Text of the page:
Multiple haem-utilization loci in Helicobacter pylori. (6/930)

To identify genes responsible for the utilization of haem as an iron source in Helicobacter pylori, a siderophore synthesis mutant of Escherichia coli was transformed with an ordered cosmid library of H. pylori NCTC 11638. Four independent cosmids were found that were able to complement this mutant on iron-restrictive solid media containing different haem compounds as the sole source of iron. Hybridization experiments revealed that the four cosmids contained unrelated DNA fragments. No major differences were observed in the growth of the four transformants on iron-restrictive solid media to which different haem compounds had been added. None of the cosmids could confer the ability to use haem as an iron source to an E. coli aroB tonB mutant, which means that transport of iron and/or haem across the outer membrane requires a functional TonB protein. Further characterization of the cosmids revealed that one of them was also able to complement E. coli aroB hemA, indicating that the haem molecule is taken up as a whole by this haem-biosynthesis mutant. Expression of this haem-uptake system could not be repressed by excess iron. Another cosmid expressed two polypeptides in E. coli which were specifically immunoreactive with a polyclonal antiserum raised against whole cells of H. pylori. The production of these proteins appeared to be iron repressible. One of these proteins has the same molecular mass as a previously described 77 kDa haem-binding iron-repressible outer-membrane protein (IROMP) of H. pylori.  (+info)

The siderophore 2,3-dihydroxybenzoic acid is not required for virulence of Brucella abortus in BALB/c mice. (7/930)

2,3-Dihydroxybenzoic acid (DHBA) is the only siderophore described for Brucella, and previous studies suggested that DHBA might contribute to the capacity of these organisms to persist in host macrophages. Employing an isogenic siderophore mutant (DeltaentC) constructed from virulent Brucella abortus 2308, however, we found that production of DHBA is not required for replication in cultured murine macrophages or for the establishment and maintenance of chronic infection in the BALB/c mouse model.  (+info)

Environmental factors modulating antibiotic and siderophore biosynthesis by Pseudomonas fluorescens biocontrol strains. (8/930)

Understanding the environmental factors that regulate the biosynthesis of antimicrobial compounds by disease-suppressive strains of Pseudomonas fluorescens is an essential step toward improving the level and reliability of their biocontrol activity. We used liquid culture assays to identify several minerals and carbon sources which had a differential influence on the production of the antibiotics 2,4-diacetylphloroglucinol (PHL), pyoluteorin (PLT), and pyrrolnitrin and the siderophores salicylic acid and pyochelin by the model strain CHA0, which was isolated from a natural disease-suppressive soil in Switzerland. Production of PHL was stimulated by Zn2+, NH4Mo2+, and glucose; the precursor compound mono-acetylphloroglucinol was stimulated by the same factors as PHL. Production of PLT was stimulated by Zn2+, Co2+, and glycerol but was repressed by glucose. Pyrrolnitrin production was increased by fructose, mannitol, and a mixture of Zn2+ and NH4Mo2+. Pyochelin production was increased by Co2+, fructose, mannitol, and glucose. Interestingly, production of its precursor salicylic acid was increased by different factors, i.e., NH4Mo2+, glycerol, and glucose. The mixture of Zn2+ and NH4Mo2+ with fructose, mannitol, or glycerol further enhanced the production of PHL and PLT compared with either the minerals or the carbon sources used alone, but it did not improve siderophore production. Extending fermentation time from 2 to 5 days increased the accumulation of PLT, pyrrolnitrin, and pyochelin but not of PHL. When findings with CHA0 were extended to an ecologically and genetically diverse collection of 41 P. fluorescens biocontrol strains, the effect of certain factors was strain dependent, while others had a general effect. Stimulation of PHL by Zn2+ and glucose was strain dependent, whereas PLT production by all strains that can produce this compound was stimulated by Zn2+ and transiently repressed by glucose. Inorganic phosphate reduced PHL production by CHA0 and seven other strains tested but to various degrees. Production of PLT but not pyrrolnitrin by CHA0 was also reduced by 100 mM phosphate. The use of 1/10-strength nutrient broth-yeast extract, compared with standard nutrient broth-yeast extract, amended with glucose and/or glycerol resulted in dramatically increased accumulations of PHL (but not PLT), pyochelin, and salicylic acid, indicating that the ratio of carbon source to nutrient concentration played a key role in the metabolic flow. The results of this study (i) provide insight into the biosynthetic regulation of antimicrobial compounds, (ii) limit the number of factors for intensive study in situ, and (iii) indicate factors that can be manipulated to improve bacterial inoculants.  (+info)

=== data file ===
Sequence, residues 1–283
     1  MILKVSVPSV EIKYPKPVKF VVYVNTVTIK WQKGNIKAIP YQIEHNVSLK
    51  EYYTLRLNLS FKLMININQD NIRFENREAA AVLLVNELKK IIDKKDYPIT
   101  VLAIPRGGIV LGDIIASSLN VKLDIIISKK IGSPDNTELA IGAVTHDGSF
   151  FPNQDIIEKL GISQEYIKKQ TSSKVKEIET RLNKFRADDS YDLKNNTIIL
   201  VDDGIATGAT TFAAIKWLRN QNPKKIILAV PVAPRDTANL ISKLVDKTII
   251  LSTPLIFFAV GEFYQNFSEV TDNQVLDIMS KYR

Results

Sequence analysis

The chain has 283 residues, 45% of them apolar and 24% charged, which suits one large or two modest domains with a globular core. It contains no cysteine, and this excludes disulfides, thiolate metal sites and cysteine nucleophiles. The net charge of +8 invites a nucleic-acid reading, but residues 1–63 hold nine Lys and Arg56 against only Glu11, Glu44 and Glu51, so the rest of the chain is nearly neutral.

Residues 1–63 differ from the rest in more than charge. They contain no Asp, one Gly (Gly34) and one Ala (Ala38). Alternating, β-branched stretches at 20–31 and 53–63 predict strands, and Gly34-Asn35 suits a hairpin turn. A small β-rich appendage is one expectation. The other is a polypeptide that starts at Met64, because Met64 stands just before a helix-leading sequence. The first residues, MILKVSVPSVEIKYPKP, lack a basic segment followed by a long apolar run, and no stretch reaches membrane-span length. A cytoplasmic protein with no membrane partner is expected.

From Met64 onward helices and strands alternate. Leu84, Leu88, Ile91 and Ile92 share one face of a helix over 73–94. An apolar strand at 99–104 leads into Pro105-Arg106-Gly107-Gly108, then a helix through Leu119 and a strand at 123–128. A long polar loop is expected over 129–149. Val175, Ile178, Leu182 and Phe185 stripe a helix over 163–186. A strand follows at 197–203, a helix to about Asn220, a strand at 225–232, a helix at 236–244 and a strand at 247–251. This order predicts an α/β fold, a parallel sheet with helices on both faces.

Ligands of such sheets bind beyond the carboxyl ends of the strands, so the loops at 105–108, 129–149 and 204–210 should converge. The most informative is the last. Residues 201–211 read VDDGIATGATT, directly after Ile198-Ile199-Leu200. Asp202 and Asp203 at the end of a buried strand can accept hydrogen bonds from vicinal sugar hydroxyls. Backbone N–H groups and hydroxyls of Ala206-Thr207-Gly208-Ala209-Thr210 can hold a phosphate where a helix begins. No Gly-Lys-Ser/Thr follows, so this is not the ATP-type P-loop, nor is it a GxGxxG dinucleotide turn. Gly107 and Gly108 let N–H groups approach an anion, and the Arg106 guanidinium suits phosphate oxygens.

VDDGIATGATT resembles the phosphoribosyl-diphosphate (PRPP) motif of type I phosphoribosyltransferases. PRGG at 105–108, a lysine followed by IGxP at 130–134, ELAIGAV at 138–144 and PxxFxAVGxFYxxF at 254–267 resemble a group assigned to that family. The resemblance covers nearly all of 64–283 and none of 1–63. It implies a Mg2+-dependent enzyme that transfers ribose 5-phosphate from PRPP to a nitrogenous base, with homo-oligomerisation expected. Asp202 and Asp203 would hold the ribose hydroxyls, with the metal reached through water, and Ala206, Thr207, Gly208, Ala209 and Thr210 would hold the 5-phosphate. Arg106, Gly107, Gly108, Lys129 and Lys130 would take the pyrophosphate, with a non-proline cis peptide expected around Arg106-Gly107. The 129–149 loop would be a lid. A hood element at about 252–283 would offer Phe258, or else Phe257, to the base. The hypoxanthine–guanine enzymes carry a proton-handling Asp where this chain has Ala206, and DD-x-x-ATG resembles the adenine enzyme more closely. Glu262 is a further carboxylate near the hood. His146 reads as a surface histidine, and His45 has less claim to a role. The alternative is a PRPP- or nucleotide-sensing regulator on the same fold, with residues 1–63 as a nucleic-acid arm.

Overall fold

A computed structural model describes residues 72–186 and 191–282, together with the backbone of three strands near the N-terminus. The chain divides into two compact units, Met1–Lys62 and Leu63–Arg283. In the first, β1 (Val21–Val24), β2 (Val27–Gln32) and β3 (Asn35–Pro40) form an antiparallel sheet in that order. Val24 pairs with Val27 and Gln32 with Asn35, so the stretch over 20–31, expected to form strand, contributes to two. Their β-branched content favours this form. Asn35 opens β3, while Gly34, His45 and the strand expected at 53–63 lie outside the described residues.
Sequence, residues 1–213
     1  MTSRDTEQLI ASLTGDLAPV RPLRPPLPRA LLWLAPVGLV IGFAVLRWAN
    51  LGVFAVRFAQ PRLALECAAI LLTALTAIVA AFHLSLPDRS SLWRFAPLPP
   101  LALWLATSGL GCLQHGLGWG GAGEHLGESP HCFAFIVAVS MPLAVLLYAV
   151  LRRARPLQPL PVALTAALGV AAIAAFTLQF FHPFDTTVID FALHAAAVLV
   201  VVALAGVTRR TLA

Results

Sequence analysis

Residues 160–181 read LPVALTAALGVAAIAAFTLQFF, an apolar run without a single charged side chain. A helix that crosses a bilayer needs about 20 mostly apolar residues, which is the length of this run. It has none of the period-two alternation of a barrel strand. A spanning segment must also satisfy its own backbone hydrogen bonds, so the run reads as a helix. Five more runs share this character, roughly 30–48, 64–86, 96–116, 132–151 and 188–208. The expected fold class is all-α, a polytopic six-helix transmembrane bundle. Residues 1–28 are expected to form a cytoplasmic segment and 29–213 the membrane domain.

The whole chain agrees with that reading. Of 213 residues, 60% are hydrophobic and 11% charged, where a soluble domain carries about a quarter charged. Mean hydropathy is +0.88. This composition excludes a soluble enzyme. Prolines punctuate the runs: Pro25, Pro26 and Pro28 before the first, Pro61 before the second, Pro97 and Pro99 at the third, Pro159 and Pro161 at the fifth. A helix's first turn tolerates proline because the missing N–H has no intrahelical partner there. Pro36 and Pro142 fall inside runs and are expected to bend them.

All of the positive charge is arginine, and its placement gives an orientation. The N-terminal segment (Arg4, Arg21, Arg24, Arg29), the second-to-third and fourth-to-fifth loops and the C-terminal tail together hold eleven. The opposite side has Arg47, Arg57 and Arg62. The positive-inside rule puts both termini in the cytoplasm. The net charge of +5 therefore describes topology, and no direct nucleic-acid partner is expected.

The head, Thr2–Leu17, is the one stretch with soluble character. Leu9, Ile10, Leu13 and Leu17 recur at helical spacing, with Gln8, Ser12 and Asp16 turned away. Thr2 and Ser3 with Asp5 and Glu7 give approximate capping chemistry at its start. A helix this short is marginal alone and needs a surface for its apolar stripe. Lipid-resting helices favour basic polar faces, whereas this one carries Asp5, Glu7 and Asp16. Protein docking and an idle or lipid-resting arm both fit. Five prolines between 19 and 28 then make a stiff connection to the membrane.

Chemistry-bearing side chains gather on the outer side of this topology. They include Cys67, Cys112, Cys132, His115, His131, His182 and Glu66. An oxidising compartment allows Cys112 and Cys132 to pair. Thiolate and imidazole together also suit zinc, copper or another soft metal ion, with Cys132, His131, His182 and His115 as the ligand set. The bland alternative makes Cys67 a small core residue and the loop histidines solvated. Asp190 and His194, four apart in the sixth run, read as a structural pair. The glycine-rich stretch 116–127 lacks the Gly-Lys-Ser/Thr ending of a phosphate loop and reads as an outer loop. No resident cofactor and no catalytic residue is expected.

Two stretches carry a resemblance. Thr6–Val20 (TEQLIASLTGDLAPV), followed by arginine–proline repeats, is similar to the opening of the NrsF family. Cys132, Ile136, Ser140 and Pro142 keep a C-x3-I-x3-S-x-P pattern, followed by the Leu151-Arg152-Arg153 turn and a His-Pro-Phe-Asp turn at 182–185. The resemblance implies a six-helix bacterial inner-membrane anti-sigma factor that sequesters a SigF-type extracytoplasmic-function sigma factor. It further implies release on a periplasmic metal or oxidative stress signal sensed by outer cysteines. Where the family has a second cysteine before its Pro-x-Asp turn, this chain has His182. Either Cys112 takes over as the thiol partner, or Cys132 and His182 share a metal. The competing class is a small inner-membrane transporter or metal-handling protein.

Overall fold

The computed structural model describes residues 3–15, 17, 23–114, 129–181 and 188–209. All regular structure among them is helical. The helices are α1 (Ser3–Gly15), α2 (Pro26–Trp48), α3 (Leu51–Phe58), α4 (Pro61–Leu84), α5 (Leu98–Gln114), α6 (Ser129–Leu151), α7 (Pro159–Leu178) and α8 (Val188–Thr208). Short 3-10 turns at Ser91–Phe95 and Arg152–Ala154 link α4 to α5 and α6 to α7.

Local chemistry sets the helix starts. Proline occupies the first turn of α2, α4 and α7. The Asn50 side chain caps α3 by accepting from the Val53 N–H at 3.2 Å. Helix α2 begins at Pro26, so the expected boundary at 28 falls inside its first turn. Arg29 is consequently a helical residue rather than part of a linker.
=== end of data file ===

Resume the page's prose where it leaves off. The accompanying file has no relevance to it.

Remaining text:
• For example, siderophores participate to the mobilization of iron and other elements and are involved in virulence processes. (
  • Because of this property, they have attracted interest from medical science in metal chelation therapy, with the siderophore desferrioxamine B gaining widespread use in treatments for iron poisoning and thalassemia. (
  • The wide variety of siderophores may be due to evolutionary pressures placed on microbes to produce structurally different siderophores which cannot be transported by other microbes' specific active transport systems, or in the case of pathogens deactivated by the host organism. (
  • Mtb (Mycobacterium tuberculosis) produces two aryl-capped siderophores, mycobactin (MBT) and carboxymycobactin (cMBT), to chelate intracellular iron. (
  • Siderophores are also important for some pathogenic bacteria for their acquisition of iron. (
  • Besides siderophores, some pathogenic bacteria produce hemophores (heme binding scavenging proteins) or have receptors that bind directly to iron/heme proteins. (
  • Microbes release siderophores to scavenge iron from these mineral phases by formation of soluble Fe3+ complexes that can be taken up by active transport mechanisms. (
  • Siderophores present complex chemistry that allows them to form the strongest ironchelating complexes. (
  • Siderophores are secondary metabolites produced by different organisms in order to scavenge iron from their surrounding environment making this essential element available to the cell. (
  • The major groups of siderophores include the catecholates (phenolates), hydroxamates and carboxylates (e.g. derivatives of citric acid). (
  • Wet-chemistry experiments were conducted to react 1 g L-1 goethite or hematite with 240 µmol L-1 siderophores. (
  • Based on Fe release data for hematite, it was concluded that siderophores contribute to the Fe pool in soil solutions with decreasing proton activity. (
  • By contrast, based on Fe release for goethite, the contribution of siderophores to the acquisition of Fe in goethitic soil profiles becomes less pronounced with decreases in the proton activity of the soil solution. (